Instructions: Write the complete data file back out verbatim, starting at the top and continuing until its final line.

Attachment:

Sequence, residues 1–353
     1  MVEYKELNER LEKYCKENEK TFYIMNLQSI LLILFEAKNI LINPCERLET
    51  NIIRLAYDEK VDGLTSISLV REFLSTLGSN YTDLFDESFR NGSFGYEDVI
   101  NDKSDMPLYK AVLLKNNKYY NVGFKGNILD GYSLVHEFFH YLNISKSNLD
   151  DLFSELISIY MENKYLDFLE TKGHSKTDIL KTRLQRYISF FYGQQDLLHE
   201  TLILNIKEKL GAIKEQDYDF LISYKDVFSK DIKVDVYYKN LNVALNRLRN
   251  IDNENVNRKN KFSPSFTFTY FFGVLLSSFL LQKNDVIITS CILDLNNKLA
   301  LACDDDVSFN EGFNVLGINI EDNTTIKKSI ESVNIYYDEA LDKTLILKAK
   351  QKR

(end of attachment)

Sequence, residues 1–353
     1  MVEYKELNER LEKYCKENEK TFYIMNLQSI LLILFEAKNI LINPCERLET
    51  NIIRLAYDEK VDGLTSISLV REFLSTLGSN YTDLFDESFR NGSFGYEDVI
   101  NDKSDMPLYK AVLLKNNKYY NVGFKGNILD GYSLVHEFFH YLNISKSNLD
   151  DLFSELISIY MENKYLDFLE TKGHSKTDIL KTRLQRYISF FYGQQDLLHE
   201  TLILNIKEKL GAIKEQDYDF LISYKDVFSK DIKVDVYYKN LNVALNRLRN
   251  IDNENVNRKN KFSPSFTFTY FFGVLLSSFL LQKNDVIITS CILDLNNKLA
   301  LACDDDVSFN EGFNVLGINI EDNTTIKKSI ESVNIYYDEA LDKTLILKAK
   351  QKR